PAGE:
On the exterior sides of the Pax units, we added some additional strips of poplar to give the sides a more finished look once painted. These we attached with construction adhesive and used clamps to hold them in place. We couldn’t use nails here, because there was no solid surface for them to grip into or they might have become visible on the inside of the units.
Finally, we added the smaller horizontal strips. This was something I was very concerned about because the shelves in the Pax units don’t sit flush with the sides of the Pax units, so the depth of wood needed here was thicker than the 1/2 inch Poplar we used everywhere else. Turns out they don’t sell 5/8 inch Poplar, so Cory ended up finding stain grade flat pine board at Lowes that worked like a charm. You can see that the color looks different, but once it was all painted, you’re none the wiser.
Once all the wood was installed, we used Bondo to fill all the holes and seams where the wood strips met. We also used glue to add shoe moulding to cap off the space between the baseboard and the floors.
7. Hung the crown moulding
We again used the same Fashion Forward crown moulding from Metrie and installed it along the top edge of all the wardrobe units. This really capped off the built-in look and totally hid the gap from the top of the wardrobes to the ceiling. We then caulked all the seams.
8. Created drawer fronts
Using the vanity in our adjacent bathroom as the guide for how we wanted the drawer fronts to look, we opted for a flat front, which is a nice streamlined look and also lower effort than a shaker style. The drawer fronts were actually simpler than expected, where we used the same 1/2 inch Poplar board and just cut it down to size. We left an 1/8 inch gap around the drawers. We sanded the drawer fronts down and then brought them into the room.
We then test fit all the drawer fronts on to the drawers themselves using two screws per drawer, drilled from the inside of the drawer into the new front (make sure your screws aren’t too long that they come through the front of the drawer face). Here, we used a laser level to ensure the drawers lined up throughout the room horizontally in each unit. Don’t worry that the drawer fronts may not sit flush with the trim on the front of the units, we address that later. Once we had test fit all the drawer fronts, we used tape to label the drawer and the drawer front, so we could match them up later once they were painted, and then separated the drawer fronts from the drawers.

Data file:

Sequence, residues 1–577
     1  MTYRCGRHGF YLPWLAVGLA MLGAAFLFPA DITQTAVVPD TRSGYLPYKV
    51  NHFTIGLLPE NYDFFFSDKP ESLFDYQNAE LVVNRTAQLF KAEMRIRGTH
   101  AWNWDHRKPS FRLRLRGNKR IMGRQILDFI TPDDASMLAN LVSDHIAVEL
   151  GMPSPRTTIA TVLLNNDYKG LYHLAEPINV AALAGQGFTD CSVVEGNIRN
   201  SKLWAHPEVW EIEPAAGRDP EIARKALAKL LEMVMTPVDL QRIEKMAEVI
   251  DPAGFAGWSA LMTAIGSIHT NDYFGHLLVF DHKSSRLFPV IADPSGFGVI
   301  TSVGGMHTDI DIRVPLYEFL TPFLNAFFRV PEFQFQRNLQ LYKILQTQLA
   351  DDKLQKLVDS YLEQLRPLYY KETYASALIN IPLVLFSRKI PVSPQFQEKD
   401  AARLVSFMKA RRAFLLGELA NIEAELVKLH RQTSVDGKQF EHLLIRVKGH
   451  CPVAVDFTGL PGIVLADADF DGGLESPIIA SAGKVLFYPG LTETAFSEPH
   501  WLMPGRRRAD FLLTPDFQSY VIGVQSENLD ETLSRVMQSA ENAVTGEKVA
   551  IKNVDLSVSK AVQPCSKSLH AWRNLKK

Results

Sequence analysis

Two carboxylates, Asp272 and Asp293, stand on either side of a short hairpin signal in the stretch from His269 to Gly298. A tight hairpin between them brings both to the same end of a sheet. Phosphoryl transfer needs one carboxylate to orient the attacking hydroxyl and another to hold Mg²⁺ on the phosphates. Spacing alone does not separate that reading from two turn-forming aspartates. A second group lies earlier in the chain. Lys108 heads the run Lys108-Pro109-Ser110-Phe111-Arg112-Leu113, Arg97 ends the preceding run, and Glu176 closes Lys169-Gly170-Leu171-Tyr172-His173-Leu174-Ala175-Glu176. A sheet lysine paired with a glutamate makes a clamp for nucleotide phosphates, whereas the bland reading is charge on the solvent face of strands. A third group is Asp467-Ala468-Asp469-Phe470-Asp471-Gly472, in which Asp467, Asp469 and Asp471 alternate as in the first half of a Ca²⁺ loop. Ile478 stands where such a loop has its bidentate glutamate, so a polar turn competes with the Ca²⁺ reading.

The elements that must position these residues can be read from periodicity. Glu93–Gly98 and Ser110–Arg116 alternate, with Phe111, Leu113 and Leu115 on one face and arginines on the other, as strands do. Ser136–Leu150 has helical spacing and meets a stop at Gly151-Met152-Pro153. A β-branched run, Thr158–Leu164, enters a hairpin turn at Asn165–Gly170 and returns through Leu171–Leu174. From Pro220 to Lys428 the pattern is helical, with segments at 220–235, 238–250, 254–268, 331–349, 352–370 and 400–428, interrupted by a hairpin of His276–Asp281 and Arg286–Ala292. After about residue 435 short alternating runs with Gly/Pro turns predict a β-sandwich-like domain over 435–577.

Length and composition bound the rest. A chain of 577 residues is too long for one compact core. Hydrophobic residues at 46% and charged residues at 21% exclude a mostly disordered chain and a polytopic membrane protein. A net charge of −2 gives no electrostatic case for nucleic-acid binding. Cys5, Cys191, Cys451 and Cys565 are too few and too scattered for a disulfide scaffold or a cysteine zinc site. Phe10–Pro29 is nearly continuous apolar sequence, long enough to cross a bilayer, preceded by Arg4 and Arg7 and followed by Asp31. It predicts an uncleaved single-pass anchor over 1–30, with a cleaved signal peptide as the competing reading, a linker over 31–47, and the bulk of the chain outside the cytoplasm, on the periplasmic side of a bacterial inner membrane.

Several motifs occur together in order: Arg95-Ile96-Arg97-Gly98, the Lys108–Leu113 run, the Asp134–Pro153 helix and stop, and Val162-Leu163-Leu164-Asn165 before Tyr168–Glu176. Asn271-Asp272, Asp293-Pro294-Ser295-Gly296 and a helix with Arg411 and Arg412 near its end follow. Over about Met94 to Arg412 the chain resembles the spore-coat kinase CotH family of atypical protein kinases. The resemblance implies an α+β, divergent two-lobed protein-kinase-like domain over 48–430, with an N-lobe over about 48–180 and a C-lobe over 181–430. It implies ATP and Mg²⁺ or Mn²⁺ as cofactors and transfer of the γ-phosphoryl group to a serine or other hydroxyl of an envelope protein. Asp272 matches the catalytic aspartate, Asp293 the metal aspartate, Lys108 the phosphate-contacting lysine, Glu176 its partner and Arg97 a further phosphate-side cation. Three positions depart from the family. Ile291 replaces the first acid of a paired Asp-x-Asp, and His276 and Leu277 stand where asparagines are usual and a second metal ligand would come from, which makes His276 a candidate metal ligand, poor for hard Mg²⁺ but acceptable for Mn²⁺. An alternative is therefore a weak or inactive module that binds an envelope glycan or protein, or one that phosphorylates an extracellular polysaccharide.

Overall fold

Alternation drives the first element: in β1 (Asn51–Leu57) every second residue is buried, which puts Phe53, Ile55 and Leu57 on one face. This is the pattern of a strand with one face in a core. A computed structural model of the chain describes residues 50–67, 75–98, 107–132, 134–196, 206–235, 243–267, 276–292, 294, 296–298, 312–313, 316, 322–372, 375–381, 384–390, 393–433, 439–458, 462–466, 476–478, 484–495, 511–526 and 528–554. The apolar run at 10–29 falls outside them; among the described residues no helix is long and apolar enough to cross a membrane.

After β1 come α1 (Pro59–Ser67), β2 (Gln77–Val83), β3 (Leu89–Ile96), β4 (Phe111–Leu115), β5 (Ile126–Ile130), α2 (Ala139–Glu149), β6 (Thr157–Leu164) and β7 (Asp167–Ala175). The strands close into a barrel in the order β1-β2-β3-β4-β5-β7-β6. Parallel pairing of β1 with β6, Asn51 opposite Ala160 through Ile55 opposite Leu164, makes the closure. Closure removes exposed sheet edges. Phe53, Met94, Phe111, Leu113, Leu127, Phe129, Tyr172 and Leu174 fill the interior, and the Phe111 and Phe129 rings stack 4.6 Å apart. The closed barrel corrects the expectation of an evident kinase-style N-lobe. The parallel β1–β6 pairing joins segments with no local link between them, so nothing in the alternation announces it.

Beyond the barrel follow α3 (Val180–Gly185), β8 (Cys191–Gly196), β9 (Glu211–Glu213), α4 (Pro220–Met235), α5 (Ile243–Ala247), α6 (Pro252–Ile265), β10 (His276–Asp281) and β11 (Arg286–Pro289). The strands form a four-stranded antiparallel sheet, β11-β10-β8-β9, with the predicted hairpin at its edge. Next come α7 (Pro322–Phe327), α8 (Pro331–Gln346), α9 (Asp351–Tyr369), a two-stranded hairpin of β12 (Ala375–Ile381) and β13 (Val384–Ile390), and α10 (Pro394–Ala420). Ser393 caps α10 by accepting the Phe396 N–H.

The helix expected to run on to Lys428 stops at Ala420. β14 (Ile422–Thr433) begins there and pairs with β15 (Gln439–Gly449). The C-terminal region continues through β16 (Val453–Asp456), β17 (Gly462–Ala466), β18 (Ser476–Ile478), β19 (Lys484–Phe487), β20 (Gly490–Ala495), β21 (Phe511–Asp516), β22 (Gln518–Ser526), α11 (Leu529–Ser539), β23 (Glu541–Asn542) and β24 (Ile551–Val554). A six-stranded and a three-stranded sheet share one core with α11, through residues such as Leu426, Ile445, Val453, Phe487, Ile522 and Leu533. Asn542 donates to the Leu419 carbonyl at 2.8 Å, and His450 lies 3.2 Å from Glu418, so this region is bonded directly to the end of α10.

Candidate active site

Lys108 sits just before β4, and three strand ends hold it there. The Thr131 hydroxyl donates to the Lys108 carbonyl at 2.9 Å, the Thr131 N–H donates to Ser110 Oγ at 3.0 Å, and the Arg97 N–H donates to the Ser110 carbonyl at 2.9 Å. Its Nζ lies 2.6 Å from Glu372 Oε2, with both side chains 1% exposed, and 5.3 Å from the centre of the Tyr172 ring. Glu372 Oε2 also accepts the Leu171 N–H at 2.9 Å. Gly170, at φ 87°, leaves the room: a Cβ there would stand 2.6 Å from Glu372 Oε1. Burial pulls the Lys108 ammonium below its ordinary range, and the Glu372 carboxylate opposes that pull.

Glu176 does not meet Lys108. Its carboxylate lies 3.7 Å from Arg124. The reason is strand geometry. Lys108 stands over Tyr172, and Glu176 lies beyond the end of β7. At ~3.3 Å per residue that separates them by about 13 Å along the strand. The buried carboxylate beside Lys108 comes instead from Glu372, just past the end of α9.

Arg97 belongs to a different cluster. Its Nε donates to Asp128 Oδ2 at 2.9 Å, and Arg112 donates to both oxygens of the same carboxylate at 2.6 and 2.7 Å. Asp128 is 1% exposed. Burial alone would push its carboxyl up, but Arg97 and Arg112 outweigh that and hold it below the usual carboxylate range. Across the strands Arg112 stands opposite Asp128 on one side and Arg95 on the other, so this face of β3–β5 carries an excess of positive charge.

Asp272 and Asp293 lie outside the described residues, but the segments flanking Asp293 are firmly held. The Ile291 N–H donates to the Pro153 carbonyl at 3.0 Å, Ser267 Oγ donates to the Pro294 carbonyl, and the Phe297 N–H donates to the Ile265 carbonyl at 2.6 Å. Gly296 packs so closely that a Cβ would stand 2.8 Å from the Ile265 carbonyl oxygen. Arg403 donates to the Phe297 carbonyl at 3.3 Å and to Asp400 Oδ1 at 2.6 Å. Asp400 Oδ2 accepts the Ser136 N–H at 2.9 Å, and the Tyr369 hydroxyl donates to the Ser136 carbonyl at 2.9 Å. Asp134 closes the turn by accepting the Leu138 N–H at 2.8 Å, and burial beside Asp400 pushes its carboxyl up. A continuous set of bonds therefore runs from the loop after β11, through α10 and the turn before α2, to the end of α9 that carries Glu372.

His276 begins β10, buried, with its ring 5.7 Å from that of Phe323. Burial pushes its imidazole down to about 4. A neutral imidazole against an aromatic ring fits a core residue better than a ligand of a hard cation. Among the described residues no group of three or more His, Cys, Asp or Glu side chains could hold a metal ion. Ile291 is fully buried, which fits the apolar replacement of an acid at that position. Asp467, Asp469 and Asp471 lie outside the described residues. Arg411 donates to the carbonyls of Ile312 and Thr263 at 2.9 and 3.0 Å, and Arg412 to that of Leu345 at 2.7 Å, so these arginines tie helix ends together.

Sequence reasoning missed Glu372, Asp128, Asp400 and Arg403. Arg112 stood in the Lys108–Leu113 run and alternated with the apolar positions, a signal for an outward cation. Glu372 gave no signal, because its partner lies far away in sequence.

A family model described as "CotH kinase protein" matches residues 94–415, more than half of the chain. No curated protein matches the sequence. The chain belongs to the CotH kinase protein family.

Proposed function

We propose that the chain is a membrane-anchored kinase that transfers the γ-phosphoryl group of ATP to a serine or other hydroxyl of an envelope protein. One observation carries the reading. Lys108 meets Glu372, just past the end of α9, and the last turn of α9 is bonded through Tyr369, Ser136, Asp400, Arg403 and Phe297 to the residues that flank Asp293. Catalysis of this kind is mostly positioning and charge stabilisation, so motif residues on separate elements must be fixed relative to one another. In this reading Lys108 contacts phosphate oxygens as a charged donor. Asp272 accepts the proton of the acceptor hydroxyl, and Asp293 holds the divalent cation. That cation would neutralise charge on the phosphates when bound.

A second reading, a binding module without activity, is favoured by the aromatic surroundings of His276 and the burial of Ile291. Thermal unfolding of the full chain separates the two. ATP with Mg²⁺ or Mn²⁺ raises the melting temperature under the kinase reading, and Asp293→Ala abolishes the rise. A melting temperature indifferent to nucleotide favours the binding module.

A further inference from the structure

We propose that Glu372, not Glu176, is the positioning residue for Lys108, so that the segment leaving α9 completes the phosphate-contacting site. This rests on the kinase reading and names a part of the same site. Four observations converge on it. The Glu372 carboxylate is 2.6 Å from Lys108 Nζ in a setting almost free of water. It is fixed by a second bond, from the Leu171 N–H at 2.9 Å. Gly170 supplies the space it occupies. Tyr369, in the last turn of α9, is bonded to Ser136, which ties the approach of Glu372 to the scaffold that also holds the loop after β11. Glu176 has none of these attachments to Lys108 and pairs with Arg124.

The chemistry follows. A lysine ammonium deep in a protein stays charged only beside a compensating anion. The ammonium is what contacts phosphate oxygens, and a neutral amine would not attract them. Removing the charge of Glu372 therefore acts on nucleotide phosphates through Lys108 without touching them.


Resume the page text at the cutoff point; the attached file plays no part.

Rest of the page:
8. Wallpapered the backs of the wardrobe units
One of the tell-tale signs of an IKEA Pax is the seam that runs down the back wall of the wardrobe unis. Because the MDF comes folded 1-2 times, there’s an unightly seam that definitely screams low quality. I didn’t want to put all this work into making the Pax look custom only to have a seam give it away that these are indeed IKEA!
So, I tracked down paintable faux grasscloth wallpaper and installed it on the back wall of the wardrobe units. I wanted a paintable wallpaper so it looked seamless with the units and I also love the hint of added texture. Since the paper is pretty thick, it completely hides the seam when painted out (it was still visible through the paper before it was painted as it was somewhat transparent). It’s a small detail that you may not notice, but is one of those things that you certainly would have noticed had it not been installed.
9. Plugged holes
A little known secret is that IKEA sells packs of plugs designed to hide the many, many holes in the Pax system that are used for shelving, etc. They sell packs of 100 plugs for $1, and while they are more difficult to install than expected they are totally worth the effort. I think we went through at least 12 packs of these plugs. You can see in the above shot that we had installed the plugs.
As a note, we didn’t add in the plugs on the side where we have only shelves, since we wanted them to be adjustable long-term.
10. Primed Everything